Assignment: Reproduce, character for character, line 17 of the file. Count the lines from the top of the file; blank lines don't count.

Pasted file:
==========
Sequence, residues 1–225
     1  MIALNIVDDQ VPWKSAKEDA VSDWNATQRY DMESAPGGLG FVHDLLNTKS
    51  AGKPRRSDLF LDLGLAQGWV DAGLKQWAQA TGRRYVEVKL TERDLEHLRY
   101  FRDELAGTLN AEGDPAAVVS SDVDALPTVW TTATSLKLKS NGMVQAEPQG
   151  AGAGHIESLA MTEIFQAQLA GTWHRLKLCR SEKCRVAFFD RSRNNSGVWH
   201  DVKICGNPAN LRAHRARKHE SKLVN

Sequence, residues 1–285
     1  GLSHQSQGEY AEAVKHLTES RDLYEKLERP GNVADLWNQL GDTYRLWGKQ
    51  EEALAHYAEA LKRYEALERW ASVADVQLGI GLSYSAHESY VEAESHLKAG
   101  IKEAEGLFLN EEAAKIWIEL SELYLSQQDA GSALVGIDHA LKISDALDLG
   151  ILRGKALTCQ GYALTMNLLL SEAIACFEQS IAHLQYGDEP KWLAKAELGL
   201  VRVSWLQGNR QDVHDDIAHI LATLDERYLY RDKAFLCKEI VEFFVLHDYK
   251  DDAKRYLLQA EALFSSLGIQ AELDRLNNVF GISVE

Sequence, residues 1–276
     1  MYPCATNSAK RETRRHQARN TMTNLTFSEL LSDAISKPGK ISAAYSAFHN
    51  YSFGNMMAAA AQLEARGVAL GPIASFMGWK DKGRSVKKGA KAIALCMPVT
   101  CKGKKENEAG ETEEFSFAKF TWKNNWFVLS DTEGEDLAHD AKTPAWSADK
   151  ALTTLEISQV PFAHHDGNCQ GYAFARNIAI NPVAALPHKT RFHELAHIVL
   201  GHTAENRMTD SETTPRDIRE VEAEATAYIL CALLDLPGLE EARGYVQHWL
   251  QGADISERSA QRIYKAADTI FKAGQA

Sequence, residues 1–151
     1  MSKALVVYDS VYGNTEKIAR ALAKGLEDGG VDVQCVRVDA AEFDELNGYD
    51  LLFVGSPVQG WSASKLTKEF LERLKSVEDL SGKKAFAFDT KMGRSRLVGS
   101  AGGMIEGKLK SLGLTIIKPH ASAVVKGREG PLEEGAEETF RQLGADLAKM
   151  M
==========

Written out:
   101  CKGKKENEAG ETEEFSFAKF TWKNNWFVLS DTEGEDLAHD AKTPAWSADK